Supply chain executives are always looking to find new ways to take inventory that are faster, cheaper and more efficient.
Mismatches between inventory records and actual stock exact a high cost in the retail industry. For example, Walmart reported in 2013, that it lost $3 billion in revenue due to that mismatch.
Well MIT researchers have a solution. They developed a system, called RFly, that enables small, safe, aerial drones to read RFID tags from tens of meters away while identifying the tags’ locations with an average error of about 19 centimeters.
In an article on MIT news, Larry Hardesty explained how the system works.
The central challenge in designing the system was that, with the current state of autonomous navigation, the only drones safe enough to fly within close range of humans are small, lightweight drones with plastic rotors, which wouldn’t cause injuries in the event of a collision. But those drones are too small to carry RFID readers with a range of more than a few centimeters.
The researchers met this challenge by using the drones to relay signals emitted by a standard RFID reader. This not only solves the safety problem but also means that drones could be deployed in conjunction with existing RFID inventory systems, without the need for new tags, readers, or reader software.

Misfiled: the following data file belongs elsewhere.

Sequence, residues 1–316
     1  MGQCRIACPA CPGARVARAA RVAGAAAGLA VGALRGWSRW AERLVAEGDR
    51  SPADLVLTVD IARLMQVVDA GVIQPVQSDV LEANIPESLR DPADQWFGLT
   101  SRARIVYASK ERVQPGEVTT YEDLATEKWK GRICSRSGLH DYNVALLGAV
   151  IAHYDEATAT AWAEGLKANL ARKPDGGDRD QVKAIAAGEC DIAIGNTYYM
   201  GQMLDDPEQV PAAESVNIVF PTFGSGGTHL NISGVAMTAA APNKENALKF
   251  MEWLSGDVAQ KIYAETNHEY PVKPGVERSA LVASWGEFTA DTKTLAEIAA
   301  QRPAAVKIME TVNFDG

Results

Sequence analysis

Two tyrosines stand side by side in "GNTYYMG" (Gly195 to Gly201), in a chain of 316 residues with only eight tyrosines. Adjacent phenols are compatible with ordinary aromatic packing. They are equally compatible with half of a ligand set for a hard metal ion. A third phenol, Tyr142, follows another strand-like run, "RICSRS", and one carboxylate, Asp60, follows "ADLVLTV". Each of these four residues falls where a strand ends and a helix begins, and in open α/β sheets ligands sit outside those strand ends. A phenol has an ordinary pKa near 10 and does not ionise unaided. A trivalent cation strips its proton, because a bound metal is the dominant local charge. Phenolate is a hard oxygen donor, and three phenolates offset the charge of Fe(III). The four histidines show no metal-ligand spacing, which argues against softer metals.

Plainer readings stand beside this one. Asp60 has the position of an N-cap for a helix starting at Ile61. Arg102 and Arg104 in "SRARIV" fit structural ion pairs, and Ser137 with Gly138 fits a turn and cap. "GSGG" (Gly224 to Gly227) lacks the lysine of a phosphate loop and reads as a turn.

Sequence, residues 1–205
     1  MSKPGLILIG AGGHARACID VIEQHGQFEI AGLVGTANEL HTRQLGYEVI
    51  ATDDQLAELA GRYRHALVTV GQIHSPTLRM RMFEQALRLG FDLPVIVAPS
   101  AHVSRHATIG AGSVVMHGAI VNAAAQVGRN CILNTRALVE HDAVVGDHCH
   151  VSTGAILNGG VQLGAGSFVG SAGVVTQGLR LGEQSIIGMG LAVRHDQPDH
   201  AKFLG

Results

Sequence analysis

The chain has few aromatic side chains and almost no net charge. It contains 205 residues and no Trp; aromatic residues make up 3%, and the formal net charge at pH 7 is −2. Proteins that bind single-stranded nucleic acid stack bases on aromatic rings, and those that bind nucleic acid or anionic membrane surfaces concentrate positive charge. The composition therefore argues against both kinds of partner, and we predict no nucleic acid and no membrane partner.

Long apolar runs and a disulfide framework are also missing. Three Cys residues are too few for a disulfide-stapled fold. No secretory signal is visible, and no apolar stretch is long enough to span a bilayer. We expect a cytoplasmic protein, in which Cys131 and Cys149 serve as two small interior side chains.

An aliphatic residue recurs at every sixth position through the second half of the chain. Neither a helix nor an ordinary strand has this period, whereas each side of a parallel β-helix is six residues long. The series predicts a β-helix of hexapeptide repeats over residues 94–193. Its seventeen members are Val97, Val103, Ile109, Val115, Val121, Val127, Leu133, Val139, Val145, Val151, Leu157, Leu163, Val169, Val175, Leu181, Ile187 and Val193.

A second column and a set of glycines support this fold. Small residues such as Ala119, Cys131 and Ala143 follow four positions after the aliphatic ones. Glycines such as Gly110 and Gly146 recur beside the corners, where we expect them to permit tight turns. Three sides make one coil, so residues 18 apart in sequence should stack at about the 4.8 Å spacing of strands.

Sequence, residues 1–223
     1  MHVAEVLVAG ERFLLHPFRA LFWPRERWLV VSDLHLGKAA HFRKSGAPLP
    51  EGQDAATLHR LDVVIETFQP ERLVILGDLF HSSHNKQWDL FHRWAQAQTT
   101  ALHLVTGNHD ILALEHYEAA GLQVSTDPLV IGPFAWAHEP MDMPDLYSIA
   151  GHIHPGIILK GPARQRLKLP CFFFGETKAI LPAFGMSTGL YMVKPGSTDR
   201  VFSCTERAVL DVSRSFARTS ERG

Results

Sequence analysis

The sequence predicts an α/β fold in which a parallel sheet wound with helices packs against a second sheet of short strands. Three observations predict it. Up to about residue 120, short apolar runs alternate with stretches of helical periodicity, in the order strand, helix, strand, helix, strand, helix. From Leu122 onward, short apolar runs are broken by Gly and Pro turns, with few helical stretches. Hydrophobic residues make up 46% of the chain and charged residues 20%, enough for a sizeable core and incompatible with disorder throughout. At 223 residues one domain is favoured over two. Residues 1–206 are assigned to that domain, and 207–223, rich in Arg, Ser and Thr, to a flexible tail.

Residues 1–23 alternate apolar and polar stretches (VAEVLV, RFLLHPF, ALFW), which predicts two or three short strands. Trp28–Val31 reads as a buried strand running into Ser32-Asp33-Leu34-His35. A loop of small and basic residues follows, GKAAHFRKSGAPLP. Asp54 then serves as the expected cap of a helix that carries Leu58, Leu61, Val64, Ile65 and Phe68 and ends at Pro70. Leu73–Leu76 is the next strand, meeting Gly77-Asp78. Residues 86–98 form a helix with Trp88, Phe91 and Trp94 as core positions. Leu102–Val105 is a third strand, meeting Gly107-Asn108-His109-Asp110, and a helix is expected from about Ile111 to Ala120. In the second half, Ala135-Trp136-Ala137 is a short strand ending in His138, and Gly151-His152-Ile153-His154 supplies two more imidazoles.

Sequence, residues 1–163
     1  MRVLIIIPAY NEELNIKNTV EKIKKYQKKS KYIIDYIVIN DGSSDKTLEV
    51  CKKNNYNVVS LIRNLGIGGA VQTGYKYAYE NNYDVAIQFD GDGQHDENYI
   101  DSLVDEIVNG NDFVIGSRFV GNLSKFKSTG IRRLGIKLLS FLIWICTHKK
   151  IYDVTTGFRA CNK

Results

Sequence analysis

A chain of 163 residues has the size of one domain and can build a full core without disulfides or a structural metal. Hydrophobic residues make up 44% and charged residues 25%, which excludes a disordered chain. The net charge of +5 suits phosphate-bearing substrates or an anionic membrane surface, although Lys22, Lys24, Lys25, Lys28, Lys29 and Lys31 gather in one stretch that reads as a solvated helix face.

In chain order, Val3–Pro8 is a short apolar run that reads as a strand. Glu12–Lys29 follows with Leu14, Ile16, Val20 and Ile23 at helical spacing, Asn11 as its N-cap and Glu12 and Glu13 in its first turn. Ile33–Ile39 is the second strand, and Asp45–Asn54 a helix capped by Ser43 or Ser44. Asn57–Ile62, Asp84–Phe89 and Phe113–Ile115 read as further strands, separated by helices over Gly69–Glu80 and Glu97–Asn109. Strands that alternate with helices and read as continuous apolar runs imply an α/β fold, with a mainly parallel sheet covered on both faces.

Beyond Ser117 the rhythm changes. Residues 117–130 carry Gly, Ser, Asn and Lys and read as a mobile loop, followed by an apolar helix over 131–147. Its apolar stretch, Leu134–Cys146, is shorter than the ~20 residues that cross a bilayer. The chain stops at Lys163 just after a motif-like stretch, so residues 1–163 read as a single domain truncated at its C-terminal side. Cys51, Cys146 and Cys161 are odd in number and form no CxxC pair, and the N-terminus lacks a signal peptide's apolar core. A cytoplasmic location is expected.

The drone would be especially useful in large warehouses for continuous monitoring, to prevent inventory mismatches, and to locate individual items quickly.
In developing the drone, researchers had to address some issues involved with relaying RFID signals and using them to determine tags’ locations. So the MIT researchers also equip each of their drones with its own RFID tag. A drone alternates between relaying the reader’s signal to a tagged item and simply letting its own tag reflect the signal back, so that the reader can estimate the drone’s contribution to the total phase shift and remove it.
In experiments in the Media Lab that involved tagged objects, many of which were intentionally hidden to approximate the condition of merchandise heaped in piles on warehouse shelves, the system was able to localize the tags with 19-centimeter accuracy while extending the range of the reader tenfold in all directions, or one hundredfold cumulatively. The researchers are currently conducting a second set of experiments in the warehouse of a major Massachusetts retailer.